U.S. Sales, Inventories Set to Fall Short Again in 2022, Warns Senior Honda Exec

Hondas Dave Gardner and Jessica Fini
Honda EVP Dave Gardner, right, with PR Director Jessica Fini

Like the industry overall, Honda saw a sharp decline in U.S. car sales in 2021, and with only a relative handful of vehicles in dealer inventory as the New Year begins, 2022 is likely to see another decline in sales, said Dave Gardner, executive vice president of national operations for American Honda.

And with barely 20,000 vehicles in dealer inventory — down from 320,000 at the start of 2021 — that is forcing a major change in the way Honda does business, Gardner said. Rather than being able to immediately buy a vehicle off the lot, Honda customers today are more likely than ever to place advance orders and wait for delivery. And that new model is likely to continue, even in a post-COVID world, he added.

“Based on what we know today, it will be a challenge to match last year’s sales,” the executive said during a virtual media roundtable on Wednesday afternoon.

COVID and semiconductors shortages deliver 1-2 punch

Honda dealerships began 2022 with barely 20,000 vehicles in inventory, down from 320,000 at the start of 2021.

COVID-related shutdowns created plenty of headaches for Honda — and the rest of the industry, especially when North American automotive manufacturing was ordered to shut down for nearly three months during spring 2020. But just as the economy began to rebound late in the year, with car sales starting to surge, the industry was hit with a shortage of semiconductors that resulted in on-and-off production cuts for all of 2021.

As a result, Honda brand sales came in at 1.47 million vehicles for the year, with high-line Acura contributing another 157,000 sales. The current forecast for 2022 is between 1.2 million and 1.3 million for Honda, and another 120,000 for Acura.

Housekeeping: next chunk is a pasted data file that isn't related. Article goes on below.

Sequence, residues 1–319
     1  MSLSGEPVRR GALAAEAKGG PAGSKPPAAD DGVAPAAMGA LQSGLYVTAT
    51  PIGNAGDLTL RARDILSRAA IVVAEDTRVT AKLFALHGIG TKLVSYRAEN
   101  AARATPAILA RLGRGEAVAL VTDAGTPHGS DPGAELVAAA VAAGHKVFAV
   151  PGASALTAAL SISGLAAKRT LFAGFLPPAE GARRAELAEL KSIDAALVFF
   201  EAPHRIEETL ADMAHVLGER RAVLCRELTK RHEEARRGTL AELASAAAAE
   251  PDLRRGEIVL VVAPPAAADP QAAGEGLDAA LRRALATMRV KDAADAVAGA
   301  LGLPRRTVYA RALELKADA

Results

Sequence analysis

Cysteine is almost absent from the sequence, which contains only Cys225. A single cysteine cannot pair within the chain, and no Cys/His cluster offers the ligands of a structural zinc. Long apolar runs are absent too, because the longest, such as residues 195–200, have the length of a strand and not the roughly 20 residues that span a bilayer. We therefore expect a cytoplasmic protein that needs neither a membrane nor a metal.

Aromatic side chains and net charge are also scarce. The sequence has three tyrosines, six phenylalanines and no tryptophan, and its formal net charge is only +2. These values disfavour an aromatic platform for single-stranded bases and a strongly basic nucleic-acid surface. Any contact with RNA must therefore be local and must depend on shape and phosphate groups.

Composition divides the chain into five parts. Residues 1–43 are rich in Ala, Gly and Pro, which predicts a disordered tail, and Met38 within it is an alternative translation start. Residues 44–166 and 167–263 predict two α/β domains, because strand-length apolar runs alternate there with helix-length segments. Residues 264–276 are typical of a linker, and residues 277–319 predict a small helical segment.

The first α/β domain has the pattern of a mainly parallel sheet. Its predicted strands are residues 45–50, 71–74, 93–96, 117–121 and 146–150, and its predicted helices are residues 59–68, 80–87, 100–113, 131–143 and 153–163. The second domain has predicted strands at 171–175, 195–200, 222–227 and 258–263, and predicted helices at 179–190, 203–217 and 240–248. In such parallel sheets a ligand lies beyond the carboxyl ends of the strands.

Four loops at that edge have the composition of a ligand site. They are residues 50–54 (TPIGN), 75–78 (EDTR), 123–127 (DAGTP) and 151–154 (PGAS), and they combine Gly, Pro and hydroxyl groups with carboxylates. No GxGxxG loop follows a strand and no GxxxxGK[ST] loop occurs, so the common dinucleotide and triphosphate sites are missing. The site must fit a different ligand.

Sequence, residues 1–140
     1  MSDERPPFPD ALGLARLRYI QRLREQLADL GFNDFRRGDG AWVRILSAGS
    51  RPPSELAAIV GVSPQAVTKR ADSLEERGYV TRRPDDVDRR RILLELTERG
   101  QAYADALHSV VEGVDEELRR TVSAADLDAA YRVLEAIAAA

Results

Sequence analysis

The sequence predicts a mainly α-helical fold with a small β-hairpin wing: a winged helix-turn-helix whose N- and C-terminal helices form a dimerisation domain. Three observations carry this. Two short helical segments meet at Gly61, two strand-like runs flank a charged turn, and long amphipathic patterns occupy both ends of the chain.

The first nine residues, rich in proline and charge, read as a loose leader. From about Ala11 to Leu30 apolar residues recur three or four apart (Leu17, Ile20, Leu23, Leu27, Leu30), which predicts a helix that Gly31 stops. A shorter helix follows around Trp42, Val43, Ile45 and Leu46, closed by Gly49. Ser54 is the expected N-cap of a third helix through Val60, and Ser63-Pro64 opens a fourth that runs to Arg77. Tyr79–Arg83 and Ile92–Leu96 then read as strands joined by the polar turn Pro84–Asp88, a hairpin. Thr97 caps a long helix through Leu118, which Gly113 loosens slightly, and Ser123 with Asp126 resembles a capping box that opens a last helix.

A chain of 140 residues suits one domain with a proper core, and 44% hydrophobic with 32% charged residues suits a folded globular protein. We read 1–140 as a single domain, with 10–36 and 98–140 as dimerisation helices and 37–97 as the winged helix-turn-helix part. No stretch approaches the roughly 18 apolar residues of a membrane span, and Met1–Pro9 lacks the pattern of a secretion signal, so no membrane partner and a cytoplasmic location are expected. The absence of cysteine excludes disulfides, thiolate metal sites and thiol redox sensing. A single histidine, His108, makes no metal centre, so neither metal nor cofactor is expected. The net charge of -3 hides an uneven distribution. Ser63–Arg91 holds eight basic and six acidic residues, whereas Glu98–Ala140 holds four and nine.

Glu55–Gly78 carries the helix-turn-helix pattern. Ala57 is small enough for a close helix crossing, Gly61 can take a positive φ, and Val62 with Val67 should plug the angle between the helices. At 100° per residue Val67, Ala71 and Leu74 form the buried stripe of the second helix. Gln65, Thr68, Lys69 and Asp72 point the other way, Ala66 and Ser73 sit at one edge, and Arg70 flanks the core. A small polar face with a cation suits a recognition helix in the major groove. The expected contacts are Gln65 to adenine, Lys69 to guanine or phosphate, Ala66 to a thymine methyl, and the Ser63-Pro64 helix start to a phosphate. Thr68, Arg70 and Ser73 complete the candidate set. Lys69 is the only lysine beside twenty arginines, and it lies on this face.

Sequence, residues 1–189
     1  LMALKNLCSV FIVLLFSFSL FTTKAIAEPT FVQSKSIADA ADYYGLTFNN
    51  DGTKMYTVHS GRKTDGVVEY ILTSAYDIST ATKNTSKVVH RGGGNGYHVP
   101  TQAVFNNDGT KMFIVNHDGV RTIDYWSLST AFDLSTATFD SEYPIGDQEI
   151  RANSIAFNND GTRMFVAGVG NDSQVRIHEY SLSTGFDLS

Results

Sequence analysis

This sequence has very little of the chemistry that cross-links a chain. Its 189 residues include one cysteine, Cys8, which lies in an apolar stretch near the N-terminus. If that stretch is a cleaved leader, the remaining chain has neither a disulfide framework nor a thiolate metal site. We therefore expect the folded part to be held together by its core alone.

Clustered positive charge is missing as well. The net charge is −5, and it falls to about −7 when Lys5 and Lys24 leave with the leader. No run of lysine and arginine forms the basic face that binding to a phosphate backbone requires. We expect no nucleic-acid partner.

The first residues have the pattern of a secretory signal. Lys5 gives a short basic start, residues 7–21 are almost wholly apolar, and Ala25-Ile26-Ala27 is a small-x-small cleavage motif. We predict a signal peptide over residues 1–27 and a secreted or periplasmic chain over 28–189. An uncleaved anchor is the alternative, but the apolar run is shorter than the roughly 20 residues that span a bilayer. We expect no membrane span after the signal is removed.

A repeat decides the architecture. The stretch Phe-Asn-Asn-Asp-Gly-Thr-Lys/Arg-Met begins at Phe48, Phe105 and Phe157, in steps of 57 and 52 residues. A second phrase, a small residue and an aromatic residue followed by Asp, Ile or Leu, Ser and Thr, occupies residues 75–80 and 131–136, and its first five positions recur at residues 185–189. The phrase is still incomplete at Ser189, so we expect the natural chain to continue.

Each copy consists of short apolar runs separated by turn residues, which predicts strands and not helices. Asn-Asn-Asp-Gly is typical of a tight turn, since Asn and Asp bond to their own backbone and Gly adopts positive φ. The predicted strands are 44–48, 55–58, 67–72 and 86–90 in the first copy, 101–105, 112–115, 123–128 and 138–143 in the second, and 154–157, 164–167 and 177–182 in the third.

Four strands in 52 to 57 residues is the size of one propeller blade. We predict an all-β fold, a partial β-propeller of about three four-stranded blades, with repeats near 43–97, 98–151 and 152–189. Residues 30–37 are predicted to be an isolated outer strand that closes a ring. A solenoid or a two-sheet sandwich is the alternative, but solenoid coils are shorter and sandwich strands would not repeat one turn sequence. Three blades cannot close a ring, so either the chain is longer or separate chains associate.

The good news is that supplies of semiconductor chips are returning to more normal conditions, though Gardner cautioned that the industry is “not out of the woods” yet.

And even were production to return to normal in 2022, the year is off to a bad start from an industry level due to the previously mentioned dearth of inventory on dealer lots.

A blessing in disguise?

2020 Honda CR-V with cactus side
The switch to SUVs and CUVs — like the Honda CR-V — has been one reason transaction prices have surged.

That may be holding down sales and making it difficult for dealers, but the situation may be something of a blessing in disguise, suggested Gardner. For decades, the industry mantra was U.S. buyers wanted to drive up to a dealer, trade in and drive home with a new vehicle, all in the same day. The ongoing shortages have shown, however, that “customers want to do more of the transaction online,” and many are willing to place orders and wait, he said.

Though Honda does hope to rebuild inventories — to some degree — Gardner said “I don’t think we intend to go back to the old ways.” Maintaining enough vehicles on a dealer lot to handle the industry norm 60 to 65 days of sales, he explained, is costly and ineffective.

Honda isn’t alone. Most of its competitors expect to reduce inventories, even when production levels return to normal, some looking at a “new normal” closer to 30 days of inventory, perhaps even less.